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Coronavirus information
Coronavirus information
The Zero Canada Project provides resources to help you make the most of staying home.
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Utah Jazz centre Rudy Gobert was the first NBA player to test positive for the novel coronavirus.

GEORGE FREY/AFP/Getty Images

While the NBA champion Toronto Raptors, Los Angeles Lakers and Brooklyn Nets quickly received coronavirus tests, the general public has been left waiting, sparking a backlash over privileged athletes’ and celebrities’ access to care.

“We wish them a speedy recovery. But, with all due respect, an entire NBA team should NOT get tested for COVID-19 while there are critically ill patients waiting to be tested,” tweeted New York City Mayor Bill de Blasio after it was reported the Nets had been tested and four players were isolated after positive coronavirus results.

“Tests should not be for the wealthy, but for the sick.”

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As the coronavirus spreads and the United States deals with a shortage of test kits, the public has grown increasingly disgruntled over the ease by which professional athletes get tested while others displaying symptoms are forced to wait.

The highly contagious respiratory illness caused by the virus has now infected close to 8,000 Americans while the death toll has climbed to at least 145.

NBA commissioner Adam Silver, in an interview with ESPN on Wednesday, said he could understand de Blasio’s concern but the bigger one was that there are not enough tests available and that the league was simply following protocol.

“I of course understand his point and it’s unfortunate that we’re in this position as a society that it’s triage when it comes to testing,” said Silver, adding that eight full teams as well as individual players have been tested. “And so the fundamental issue is there are insufficient tests.

“But we’ve been following the recommendations of public health officials.”

USA Today reported last week that after Utah Jazz’s Rudy Gobert tested positive for the virus 58 members of the Jazz organization were tested.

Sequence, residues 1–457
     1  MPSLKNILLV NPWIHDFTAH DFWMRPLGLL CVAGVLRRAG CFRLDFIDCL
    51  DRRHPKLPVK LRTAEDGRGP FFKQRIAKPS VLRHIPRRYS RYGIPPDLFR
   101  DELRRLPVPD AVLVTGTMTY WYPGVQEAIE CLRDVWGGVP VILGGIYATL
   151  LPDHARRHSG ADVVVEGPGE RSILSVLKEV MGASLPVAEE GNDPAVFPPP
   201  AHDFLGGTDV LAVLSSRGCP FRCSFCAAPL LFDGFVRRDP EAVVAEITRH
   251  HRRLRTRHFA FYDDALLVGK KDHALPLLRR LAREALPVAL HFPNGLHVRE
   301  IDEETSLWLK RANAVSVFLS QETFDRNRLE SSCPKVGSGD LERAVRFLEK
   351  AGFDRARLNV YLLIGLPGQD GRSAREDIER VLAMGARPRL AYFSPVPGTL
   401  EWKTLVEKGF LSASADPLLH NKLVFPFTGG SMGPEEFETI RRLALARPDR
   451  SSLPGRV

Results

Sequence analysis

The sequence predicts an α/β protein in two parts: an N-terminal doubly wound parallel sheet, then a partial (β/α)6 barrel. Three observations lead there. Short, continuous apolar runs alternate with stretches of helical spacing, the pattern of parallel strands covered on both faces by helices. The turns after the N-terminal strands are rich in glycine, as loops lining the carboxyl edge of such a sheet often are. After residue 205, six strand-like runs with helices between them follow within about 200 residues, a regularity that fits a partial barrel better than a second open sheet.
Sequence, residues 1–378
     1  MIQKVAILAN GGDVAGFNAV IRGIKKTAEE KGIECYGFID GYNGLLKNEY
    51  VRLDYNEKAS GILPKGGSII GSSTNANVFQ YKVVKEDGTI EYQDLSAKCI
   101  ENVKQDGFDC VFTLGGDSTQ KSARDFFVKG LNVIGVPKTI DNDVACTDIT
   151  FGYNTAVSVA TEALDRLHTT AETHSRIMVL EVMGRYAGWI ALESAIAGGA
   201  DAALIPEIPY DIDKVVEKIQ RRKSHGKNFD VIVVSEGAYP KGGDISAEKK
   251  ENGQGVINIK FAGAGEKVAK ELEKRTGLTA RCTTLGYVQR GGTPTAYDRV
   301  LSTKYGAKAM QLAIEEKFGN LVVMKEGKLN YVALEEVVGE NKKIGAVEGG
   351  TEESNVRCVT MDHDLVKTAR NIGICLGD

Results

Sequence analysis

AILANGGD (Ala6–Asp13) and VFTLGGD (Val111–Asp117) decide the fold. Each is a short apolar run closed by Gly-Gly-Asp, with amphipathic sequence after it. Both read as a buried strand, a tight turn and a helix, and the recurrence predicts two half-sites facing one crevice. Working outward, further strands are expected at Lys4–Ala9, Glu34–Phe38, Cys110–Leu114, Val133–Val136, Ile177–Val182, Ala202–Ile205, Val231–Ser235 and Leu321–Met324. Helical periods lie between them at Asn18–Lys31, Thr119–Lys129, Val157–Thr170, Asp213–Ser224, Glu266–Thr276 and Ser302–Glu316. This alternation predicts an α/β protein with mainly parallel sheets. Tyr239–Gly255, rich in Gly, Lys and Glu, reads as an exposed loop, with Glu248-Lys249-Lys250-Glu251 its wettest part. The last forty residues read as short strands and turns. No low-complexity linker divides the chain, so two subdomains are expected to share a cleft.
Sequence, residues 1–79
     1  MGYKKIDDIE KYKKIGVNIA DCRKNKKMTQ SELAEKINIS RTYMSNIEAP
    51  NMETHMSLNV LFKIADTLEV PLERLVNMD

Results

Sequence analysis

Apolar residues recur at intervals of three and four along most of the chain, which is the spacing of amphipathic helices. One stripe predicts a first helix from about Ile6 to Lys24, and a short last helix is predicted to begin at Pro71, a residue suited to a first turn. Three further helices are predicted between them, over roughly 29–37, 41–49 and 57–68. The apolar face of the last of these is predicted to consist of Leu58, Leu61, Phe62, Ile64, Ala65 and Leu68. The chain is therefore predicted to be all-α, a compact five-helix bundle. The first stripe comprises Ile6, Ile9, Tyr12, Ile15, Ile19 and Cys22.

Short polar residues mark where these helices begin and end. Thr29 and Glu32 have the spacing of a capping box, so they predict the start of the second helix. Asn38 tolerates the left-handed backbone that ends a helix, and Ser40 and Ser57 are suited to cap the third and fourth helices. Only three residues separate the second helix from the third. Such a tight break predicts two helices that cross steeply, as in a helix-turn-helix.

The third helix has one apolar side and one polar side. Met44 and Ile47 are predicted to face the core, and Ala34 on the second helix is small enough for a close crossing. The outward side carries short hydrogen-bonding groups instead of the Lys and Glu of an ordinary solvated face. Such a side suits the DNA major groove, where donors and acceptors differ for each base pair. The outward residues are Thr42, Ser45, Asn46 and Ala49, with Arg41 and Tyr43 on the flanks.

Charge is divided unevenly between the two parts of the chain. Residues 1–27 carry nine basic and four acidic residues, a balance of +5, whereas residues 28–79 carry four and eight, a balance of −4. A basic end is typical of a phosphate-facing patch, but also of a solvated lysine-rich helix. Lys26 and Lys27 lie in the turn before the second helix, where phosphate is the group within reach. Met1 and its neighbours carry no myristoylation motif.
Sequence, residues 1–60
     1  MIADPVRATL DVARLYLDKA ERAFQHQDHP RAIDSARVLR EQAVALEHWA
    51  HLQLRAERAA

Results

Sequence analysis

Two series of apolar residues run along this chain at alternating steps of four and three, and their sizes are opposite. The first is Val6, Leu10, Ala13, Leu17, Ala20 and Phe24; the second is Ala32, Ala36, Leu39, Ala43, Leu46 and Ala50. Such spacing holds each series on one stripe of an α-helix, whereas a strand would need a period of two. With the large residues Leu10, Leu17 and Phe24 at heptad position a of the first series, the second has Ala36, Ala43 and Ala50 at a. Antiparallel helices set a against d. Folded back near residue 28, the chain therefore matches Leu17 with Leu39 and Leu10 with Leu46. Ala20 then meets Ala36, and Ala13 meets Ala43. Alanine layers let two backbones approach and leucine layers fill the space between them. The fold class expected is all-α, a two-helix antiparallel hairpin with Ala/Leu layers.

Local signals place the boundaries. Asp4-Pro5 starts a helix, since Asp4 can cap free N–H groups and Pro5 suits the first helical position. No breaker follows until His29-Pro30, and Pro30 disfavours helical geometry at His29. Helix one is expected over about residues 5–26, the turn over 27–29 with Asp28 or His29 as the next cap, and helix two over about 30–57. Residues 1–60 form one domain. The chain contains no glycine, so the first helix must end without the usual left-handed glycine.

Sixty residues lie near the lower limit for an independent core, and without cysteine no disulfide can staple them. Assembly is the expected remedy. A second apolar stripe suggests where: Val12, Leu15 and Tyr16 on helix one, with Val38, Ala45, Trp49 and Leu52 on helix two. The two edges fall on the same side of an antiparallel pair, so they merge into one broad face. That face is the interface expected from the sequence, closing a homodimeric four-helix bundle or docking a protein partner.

INFECTED PLAYERS

So were the Oklahoma Thunder, the team the Jazz were scheduled to play last Wednesday, and the entire Toronto Raptors travelling squad who were concerned they might have come in contact with infected players during a visit to Salt Lake City on March 9.

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The Los Angeles Lakers, the last team to play the Nets before the NBA season was suspended, announced on Wednesday their players were also undergoing tests for COVID-19.

The ability of NBA teams to secure tests on demand has drawn the wrath of fans on social media.

“The thing is that is always the case. The rich will always get it first and the poor will always get it last,” tweeted @thedrsec, who has over 23,000 followers and a radio program on 22 stations across seven states.

President Donald Trump waded into the issue during a news conference on Wednesday when he was asked, “How are nonsymptomatic professional athletes getting tests while others are waiting in line and can’t get them? Do the well connected go to the front of the line?”

“No, I wouldn’t say so,” said the president. “But perhaps that’s the story of life. That does happen on occasion, and I’ve noticed where people have been tested fairly quickly.” In most cases the ability of teams to get their players tested has had more to do with money and going through private labs than state-run public health departments and jumping the queue.

The NBA also defended the speedy action as a way of preventing the spread of the virus with testing of players drawing it to the attention of young people.

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“The NBA’s move to halt its season led the way for other leagues and raised awareness of the threat of the virus,” said Silver.

“My sense was that especially among young people, people were not taking these protocols very seriously until we did what we did.”

In the interests of public health and safety, our coronavirus news articles are free for anyone to access. However, The Globe depends on subscription revenue to support our journalism. If you are able, please subscribe to globeandmail.com. If you are already a subscriber, thank you for your support.

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